Sunday, September 4, 2011

Kaput Anyway!

Reading Time ~5 minutes. 
Two galaxies on collision course, as if in a cosmic exclamation point was caught by Chandra X-ray telescope and the image was published by NASA in August.
Galactic Collision: A Cosmic Exclamation Point!
3-5 billion years from now our own Milky Way will merge with our neighboring galaxy, the Andromeda.  Which brings me to my exclamation point.  How will it appear to us, on Earth?  To us, on Earth, a planet hitched to a medium sized star which in turn is earnestly burning away on an arm of the Milky Way?

Will the Andromeda come at us with the spiral face-on or sideways? Wait.  Did you say 3-5 billion years?  Close finish that will be, since the Sun has a remaining life of ~5 billion years.  Oh wait again.  Isn't the Earth supposed to become too hot for life in ~1 billion years?  Darn.  So we will not be around.  On Earth at least.  We may be still around as specimens of a species, if we figured a way  and traveled to other places to live.  Either way, forget about lying in the yard in a reclining chair, sipping Merlot and watching the night sky with a spiral galaxy slowly moving towards you.

I saw the Andromeda galaxy once.  It was a few years ago.  The Foothill College in Los Altos has an observatory. It is open for public viewing on late Friday evenings. I was in a waning phase of an obsession with astronomy, so guess what?  We spent our Friday evenings waiting in a line.
Cold, wintry conditions give the clearest skies for sky watching. The colder the better. However it is not the best time for waiting in line.  A long line too, from the central room of the observatory to the bottom of the winding stairs to the open outside. Filled with huddled frames of people, arms tucked in,  lightly bouncing up and down, heel to toe, toe to heel, trying to keep warm.  Sometimes, actually at rare times, there is no line and we can even make requests of the volunteer in attendance.  If still in a good mood at that hour, he may just oblige and turn the telescope around to focus on our object of desire.  He then punches the name on a keyboard, the computer program looks up the co-ordinates and bingo! the telescope moves, weee weee weee, along with the sliding roof, giving just the right level of opening.  
All I had to do was to look through the eye piece when my turn came. There it was, the Andromeda, slightly to the side, a small, neat spiral, just like our home galaxy.  Very nice, seeing the heavens.  But the magnificence of the epiphany was so effortless, it was difficult to hold on to.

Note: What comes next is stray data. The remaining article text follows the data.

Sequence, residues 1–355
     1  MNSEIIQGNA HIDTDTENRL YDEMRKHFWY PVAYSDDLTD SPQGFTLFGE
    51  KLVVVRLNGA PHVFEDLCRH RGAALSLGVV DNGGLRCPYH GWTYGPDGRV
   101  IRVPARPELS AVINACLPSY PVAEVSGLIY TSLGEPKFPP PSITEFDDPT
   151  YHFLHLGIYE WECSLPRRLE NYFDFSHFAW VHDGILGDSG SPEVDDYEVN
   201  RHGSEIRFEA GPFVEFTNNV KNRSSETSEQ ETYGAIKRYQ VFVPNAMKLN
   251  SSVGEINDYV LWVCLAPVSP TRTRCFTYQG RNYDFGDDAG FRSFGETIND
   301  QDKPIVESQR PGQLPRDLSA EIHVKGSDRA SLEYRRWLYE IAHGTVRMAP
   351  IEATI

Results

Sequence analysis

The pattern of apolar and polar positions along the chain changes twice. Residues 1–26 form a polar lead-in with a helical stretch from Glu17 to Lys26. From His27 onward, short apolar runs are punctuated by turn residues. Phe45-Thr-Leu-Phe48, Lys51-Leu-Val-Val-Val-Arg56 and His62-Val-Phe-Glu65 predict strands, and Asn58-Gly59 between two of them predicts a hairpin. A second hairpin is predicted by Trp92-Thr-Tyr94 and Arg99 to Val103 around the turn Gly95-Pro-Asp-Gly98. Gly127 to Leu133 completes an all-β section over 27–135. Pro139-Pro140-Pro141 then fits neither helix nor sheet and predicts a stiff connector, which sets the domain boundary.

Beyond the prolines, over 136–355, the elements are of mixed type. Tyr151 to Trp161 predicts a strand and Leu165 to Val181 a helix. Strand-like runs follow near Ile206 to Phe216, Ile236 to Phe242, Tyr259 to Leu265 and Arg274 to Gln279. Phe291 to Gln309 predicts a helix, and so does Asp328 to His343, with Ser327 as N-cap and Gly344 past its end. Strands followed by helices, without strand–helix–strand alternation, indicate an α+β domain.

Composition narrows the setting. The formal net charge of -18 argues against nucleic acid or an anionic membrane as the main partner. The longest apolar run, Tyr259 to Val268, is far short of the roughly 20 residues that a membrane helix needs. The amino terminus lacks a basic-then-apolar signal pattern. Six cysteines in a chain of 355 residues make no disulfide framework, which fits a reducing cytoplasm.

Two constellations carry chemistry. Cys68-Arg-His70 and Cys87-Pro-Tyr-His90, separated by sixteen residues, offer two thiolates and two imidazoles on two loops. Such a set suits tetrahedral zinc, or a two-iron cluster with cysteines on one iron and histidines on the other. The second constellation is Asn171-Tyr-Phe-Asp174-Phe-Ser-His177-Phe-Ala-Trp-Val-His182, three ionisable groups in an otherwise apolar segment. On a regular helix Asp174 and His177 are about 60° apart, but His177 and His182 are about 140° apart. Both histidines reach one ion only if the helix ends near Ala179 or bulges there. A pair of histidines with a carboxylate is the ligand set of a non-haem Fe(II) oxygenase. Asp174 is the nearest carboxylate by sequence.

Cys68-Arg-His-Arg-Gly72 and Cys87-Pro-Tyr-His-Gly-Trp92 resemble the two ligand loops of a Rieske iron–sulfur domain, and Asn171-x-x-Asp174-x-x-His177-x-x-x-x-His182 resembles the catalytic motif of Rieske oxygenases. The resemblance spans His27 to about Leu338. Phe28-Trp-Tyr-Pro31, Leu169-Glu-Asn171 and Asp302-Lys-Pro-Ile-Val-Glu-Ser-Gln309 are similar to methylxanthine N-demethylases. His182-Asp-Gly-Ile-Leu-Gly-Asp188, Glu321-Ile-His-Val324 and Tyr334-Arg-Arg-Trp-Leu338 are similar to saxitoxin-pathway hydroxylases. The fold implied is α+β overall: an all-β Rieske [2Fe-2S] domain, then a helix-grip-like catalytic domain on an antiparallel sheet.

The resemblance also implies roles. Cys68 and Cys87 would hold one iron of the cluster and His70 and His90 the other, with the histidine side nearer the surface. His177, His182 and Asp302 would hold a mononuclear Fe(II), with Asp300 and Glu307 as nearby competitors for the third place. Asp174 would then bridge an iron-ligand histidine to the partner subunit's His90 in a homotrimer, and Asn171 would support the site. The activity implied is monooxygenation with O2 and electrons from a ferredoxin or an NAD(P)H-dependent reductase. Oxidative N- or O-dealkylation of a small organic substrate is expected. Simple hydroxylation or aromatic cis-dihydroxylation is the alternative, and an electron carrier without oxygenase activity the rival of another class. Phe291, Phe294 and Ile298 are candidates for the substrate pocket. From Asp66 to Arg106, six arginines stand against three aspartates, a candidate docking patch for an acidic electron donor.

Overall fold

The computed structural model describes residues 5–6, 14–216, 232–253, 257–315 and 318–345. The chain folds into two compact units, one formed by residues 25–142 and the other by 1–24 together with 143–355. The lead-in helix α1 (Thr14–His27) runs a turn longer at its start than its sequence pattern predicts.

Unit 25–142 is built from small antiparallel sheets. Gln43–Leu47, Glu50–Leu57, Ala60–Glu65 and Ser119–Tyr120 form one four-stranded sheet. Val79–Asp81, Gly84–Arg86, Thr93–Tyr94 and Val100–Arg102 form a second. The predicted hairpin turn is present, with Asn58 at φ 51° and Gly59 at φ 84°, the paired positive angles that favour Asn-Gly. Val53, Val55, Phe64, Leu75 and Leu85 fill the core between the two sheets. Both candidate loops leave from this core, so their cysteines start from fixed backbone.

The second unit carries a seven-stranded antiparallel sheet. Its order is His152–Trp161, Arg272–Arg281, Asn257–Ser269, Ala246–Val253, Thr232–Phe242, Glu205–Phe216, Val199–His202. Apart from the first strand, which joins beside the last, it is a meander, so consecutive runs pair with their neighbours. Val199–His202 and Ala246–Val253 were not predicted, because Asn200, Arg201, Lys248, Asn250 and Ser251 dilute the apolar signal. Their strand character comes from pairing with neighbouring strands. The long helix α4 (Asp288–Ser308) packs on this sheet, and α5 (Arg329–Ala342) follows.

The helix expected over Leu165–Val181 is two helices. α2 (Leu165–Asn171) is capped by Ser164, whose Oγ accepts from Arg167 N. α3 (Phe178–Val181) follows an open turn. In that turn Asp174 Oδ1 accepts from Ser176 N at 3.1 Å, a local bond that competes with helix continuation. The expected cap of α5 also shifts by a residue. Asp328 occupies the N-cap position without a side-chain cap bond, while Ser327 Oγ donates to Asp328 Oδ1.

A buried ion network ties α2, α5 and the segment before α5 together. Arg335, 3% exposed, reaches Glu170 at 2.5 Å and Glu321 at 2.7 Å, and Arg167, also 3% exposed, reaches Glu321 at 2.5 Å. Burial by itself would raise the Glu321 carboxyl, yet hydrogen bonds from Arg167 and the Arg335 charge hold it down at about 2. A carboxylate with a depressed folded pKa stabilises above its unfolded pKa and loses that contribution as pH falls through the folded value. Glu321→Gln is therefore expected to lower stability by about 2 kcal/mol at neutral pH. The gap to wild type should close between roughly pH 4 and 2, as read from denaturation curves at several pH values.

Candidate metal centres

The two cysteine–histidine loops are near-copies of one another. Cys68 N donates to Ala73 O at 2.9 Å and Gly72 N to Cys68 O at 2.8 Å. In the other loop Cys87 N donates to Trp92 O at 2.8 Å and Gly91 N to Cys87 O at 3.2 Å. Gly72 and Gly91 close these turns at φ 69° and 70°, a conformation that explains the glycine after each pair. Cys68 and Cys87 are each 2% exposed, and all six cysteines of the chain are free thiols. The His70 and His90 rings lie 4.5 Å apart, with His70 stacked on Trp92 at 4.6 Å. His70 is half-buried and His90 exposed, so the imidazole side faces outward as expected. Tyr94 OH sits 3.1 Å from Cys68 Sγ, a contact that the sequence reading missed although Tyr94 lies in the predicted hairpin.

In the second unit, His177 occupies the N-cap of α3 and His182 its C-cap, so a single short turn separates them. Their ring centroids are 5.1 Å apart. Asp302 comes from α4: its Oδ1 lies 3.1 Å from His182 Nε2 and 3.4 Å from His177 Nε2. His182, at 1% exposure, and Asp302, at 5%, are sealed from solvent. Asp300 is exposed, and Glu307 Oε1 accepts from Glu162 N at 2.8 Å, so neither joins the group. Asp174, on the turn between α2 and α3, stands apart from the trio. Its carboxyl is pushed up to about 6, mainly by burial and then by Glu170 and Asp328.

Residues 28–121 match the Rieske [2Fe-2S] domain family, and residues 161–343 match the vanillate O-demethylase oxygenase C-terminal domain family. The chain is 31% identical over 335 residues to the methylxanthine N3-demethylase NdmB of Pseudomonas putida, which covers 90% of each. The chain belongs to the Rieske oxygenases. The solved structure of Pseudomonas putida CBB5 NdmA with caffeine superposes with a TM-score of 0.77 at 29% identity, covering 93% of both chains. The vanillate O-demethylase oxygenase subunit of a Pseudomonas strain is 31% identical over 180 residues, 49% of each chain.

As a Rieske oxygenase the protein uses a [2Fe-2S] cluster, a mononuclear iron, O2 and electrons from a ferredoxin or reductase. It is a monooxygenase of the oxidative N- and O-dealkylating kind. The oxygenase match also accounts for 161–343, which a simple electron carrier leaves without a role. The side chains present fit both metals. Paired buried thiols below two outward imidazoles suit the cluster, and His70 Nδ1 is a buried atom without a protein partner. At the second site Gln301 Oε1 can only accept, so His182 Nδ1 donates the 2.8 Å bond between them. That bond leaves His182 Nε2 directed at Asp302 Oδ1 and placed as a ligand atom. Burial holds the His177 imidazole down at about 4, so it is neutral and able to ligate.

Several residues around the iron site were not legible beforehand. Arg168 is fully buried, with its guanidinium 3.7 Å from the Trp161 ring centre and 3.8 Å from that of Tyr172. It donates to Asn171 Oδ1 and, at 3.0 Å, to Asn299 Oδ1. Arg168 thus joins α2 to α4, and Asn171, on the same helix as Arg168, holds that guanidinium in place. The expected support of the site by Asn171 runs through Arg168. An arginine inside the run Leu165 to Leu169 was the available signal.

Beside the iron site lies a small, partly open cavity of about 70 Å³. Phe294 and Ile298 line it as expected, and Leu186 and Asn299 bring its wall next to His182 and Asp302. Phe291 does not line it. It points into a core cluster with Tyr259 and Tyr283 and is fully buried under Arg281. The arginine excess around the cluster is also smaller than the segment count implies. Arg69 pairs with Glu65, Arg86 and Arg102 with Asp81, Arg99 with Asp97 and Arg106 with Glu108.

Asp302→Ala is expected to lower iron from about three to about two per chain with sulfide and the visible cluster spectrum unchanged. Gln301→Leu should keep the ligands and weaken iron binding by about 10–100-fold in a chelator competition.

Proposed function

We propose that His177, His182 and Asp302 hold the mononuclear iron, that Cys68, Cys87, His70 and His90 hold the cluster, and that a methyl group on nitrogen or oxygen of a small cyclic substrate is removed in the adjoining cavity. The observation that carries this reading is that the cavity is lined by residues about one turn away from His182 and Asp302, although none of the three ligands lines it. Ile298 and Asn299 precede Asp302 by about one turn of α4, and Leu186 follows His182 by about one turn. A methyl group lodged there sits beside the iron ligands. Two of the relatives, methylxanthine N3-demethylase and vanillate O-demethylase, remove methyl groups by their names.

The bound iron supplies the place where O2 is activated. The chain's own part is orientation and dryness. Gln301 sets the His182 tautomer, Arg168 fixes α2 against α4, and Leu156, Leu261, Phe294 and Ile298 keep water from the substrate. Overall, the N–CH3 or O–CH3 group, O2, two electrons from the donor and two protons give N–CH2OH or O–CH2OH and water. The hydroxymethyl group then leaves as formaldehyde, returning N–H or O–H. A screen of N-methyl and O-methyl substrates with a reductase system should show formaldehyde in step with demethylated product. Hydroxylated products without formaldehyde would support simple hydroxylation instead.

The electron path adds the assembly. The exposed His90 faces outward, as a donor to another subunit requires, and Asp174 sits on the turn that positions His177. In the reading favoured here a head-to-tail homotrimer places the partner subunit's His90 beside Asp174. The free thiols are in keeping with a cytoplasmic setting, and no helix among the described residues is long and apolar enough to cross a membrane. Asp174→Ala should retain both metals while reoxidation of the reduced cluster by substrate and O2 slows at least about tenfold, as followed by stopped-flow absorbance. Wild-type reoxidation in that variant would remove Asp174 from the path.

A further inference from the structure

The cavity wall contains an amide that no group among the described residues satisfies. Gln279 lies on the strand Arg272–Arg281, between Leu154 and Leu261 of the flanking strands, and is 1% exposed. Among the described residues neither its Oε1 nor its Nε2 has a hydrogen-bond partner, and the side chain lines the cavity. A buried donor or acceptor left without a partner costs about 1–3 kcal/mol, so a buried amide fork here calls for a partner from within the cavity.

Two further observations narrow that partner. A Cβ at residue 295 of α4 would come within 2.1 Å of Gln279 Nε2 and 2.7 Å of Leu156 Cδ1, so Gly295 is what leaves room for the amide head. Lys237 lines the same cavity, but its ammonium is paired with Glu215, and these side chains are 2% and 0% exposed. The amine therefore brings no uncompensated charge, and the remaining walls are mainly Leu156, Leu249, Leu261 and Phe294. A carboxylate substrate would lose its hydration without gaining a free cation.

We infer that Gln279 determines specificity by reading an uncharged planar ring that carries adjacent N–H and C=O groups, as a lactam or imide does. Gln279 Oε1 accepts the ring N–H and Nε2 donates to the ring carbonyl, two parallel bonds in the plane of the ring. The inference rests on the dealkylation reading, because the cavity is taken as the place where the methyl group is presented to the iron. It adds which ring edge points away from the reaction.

Not too long before then, the husbn bought me a telescope.  We were then in Chicago and the night sky of the city only allowed for moon viewing. After settling down in a new job and California, one day, I thought the skies were clear enough to try some viewing.  I opened the box and set the telescope up in one corner of the balcony.  A brownish-orange object in the sky seemed a perfect target.  It was in a portion of the sky which was clear of the surrounding pine tree branches. After sending some good vibes in that direction, I trained the telescope with eyepiece1 on it.  I was quickly able to put the object within range but it was a blur.  Next level eyepiece.  Blur again.  It didn't matter how I messed around with the focus.  Whaa.  Will I ever see anything?
Then came the last eyepiece, of highest magnification.  I lost the object.  Could not locate it.  The range was very sensitive.  Back to eyepiece2.  Okay, move the co-ordinates so the blurred object is at the center.  Change to eyepiece3 veeery gently.  Don't bump into tripod.  Easy, slow.  Gone again.  More iterations.
I wasn't giving up.   I kept searching, slower than a snail.  Bam.  Something at the edge.   A blurry, faint light.  I brought it to the center and focused.  Back and forth until I hit the right focus.  I could not believe my eyes.  A planet with all the tell-tale markings, and four moons.   Jupiter!
I walked away and came back.  It was Jupiter alright, exactly like in the images.  Except that only four of the moons were visible with the telescope I had.  I kept looking at it every now and then.  I was home alone.  The moment was mine.

With a little practice, finding and focusing became easy.  Next day I saw Jupiter again.  One moon was missing.  Ayyo!  Only three were visible.  Oh okay, it went behind.  I was in awe.  Saturn with its rings was easy too and just as beautiful.

Working even to the extent I did to find the object, the surprise element and the beauty of a different world made the experience  somewhat similar to what some others may have and call as a religious experience.  Reading a good poem, unique art, unusual scenery, unexpected grace of a person or a musical piece can evoke too, if they come at the right time and mood.  The consciousness perhaps shifts imperceptibly after the sensation hits different areas of our mind.  From where, the world and our view of it can seem slightly peaceable than before.  How much of this stays with us is subjective to our general inclinations and the nature of the impression.
For me, even now, seeing Jupiter in the sky brings up a smile. We have a shared secret, you see.

Sometimes some visiting children have asked for a viewing if they spot my telescope all set-up (it is back in the box now).  I usually ask what they want to see, set everything up and all a child had to do is look through the eyepiece.  Because of my own viewing at Foothill, I do not expect an aha moment.  But I never fail to see some bewilderment on what do with this very accessible yet extraordinary vision.

Note 1. The NASA's picture of the Cosmic Exclamation Point is the face of the new Facebook page of this blog! A galactic collision is inconsistent and incomplete, isn't it?

Note 2.  Silent movie time: A simulation of the Milky way and Andromeda Collision by the University of Toronto: